Sunday, September 20, 2009

Eco-Building Part 2:

The roof for the new gite is, at long last, finished. A dodgy roof allows the weather in and will ultimately do for a building. We had to replace the roof, to protect the building and, even if we would only ever use the barn for storage, the floor needed replacing. With all the hard work done, and the biggest cheques written, it seemed sensible to go a little further and create another gite. The oak carpentry of the roof was basically sound but the soffits and rafters got replaced. Over them was laid a breathable, yet waterproof sarking board made by Pavatex. Our friend Jim planed down some old oak timbers I’d acquired from the demolition of a neighbours old stone pigsty, and built a beautiful frame for a dormer window, here called une lucarne or un chien-assis (lit: sitting dog).

What makes a house “ecologically-friendly” and what might “green building” materials and methods be? Lots of things, is the short answer but if you care, I think one has to be honest and make fair comparisons. The Pavatex board, for example, is just wood fibres, compressed together : no nasty formaldehyde-containing glues and it acts as an insulating layer, a waterproof yet breathable layer beneath the slates and reduces sound transmission. This natural product is manufactured in Switzerland, so that’s a lot of transport miles / kilometres to add to its embodied energy. And, I guess, it takes a fair amount of energy to reduce solid wood to the fibres from which the boards are made. I’m on safer ground with the dormer wood frame, as the old oak beams would have gone on the fire or down the tip and only travelled here from next door and had a short journey to and from Jim’s workshop. Jim’s skills and machinery, have turned this characterful wood—which has already had one life as lintels in a stone pig sty—into a thing of art and beauty: carpentry to the standard of cabinet making.

We discovered that Gabrielle has a natural talent for lead work. To explain: in buildings, there are many edges, where one surface in one material, meets another surface of, perhaps, a different construction. The detailing of such a joint is important for keeping water out and heat in. Our long barn actually consists of two barns joined together, with a slight change in ridge height where they meet: and so the need for some lead flashing.

I am constantly afflicted by having extremely high standards that are awkwardly matched to a lack of competence or even complete lack of knowing what I’m meant to be doing. Oh, and an uncomfortable lack of patience! I knew the I had to fit a piece of lead around the last ridge tile and onto the wall of the higher barn. This involves forming a flat piece of metal into a three-dimensional affair that has to snugly fit the semicircle of the tile then fold flat at right angles. The only way to achieve this is by stretching the metal. I fabricated a wooden tool to do this and roughly knew what I was meant to be doing. Why do I (repeatedly) think that I can achieve a perfect job at the first attempt, without having been shown how to do it or completed a course, let alone a full apprenticeship? It took about 30 seconds before my patience gave out at my inability to hammer the flat lead into the perfect form and I went in search of Gabrielle for moral support. She offered more than a “there, there” and set about with the wooden tool, tap-tapping the lead, gently persuading it to wilt to her will and assume the impossible shape. See for yourself and remember that this started out as a flat piece of thick lead … and at her first attempt.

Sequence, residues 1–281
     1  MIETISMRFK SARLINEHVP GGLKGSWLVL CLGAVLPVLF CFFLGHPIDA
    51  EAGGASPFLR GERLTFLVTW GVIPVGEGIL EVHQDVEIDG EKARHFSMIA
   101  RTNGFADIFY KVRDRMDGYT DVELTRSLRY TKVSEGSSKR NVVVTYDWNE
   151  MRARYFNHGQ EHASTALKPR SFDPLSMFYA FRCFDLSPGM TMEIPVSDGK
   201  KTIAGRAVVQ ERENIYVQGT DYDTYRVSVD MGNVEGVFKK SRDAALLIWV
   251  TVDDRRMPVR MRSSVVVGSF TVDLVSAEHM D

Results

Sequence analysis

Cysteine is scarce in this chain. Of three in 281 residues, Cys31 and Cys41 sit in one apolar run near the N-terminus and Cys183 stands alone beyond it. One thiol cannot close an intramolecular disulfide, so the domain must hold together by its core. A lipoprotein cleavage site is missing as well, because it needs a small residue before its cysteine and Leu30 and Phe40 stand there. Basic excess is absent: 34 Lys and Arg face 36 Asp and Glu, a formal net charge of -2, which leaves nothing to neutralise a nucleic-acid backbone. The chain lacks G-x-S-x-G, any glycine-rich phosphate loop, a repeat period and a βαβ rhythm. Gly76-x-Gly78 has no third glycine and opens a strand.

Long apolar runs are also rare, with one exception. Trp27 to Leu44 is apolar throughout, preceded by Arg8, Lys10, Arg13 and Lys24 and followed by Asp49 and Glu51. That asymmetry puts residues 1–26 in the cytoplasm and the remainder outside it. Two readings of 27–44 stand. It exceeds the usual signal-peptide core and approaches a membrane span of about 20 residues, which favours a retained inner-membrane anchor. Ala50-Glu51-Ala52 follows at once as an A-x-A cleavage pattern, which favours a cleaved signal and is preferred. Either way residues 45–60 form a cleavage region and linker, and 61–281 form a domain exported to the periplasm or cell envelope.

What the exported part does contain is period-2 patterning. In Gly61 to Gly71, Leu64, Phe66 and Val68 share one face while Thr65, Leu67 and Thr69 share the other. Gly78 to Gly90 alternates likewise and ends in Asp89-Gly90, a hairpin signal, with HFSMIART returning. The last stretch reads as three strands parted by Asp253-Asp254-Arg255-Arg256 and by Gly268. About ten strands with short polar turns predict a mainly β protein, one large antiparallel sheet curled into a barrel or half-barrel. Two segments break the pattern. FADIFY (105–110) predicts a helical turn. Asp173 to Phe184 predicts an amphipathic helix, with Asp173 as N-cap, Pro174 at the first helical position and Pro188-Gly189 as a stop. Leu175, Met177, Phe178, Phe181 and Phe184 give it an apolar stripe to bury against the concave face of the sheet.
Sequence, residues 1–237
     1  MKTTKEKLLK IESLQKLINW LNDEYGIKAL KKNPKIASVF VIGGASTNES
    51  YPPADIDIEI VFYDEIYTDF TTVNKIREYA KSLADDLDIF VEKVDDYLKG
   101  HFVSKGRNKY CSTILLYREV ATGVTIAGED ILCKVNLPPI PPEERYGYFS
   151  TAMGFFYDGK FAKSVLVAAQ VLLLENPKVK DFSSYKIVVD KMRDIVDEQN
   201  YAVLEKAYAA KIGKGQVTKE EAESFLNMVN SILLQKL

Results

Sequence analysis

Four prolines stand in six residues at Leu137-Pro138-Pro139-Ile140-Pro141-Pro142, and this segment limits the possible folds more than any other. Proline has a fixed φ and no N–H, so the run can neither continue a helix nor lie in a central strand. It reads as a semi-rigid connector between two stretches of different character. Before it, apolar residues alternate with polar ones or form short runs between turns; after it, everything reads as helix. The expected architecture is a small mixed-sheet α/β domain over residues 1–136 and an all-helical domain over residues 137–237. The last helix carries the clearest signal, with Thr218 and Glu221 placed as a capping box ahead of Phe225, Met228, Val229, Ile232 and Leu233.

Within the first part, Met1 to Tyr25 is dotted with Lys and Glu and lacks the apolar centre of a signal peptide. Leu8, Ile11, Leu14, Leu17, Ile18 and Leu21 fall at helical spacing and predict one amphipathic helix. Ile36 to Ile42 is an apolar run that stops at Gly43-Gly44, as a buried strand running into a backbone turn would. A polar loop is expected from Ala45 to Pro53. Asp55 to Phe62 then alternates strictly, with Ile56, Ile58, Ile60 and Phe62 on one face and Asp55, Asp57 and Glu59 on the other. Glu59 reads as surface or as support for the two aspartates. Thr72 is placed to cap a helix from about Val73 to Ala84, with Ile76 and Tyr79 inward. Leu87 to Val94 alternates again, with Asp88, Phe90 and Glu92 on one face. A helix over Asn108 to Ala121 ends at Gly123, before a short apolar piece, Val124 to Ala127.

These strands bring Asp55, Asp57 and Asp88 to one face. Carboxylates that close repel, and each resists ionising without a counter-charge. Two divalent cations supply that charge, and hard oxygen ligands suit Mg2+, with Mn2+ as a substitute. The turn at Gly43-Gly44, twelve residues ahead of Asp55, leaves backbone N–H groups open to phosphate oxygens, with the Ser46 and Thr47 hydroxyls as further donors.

Many people have contributed to elevating this building work into the realms of fine art! With memories of help from David for helping me strip the roof, Samuel for helping me replace all the rafters and repair the tops of the walls,Gabrielle for her lead work, Jim for his carpentry/joinery skills and teaching me how to slate, Jacques’ for the special stuff with slate and zinc around the dormer and you can see why (photo at top) I’m so happy to drizzle a drop of bubbly on the completed roof : the topping off ceremony.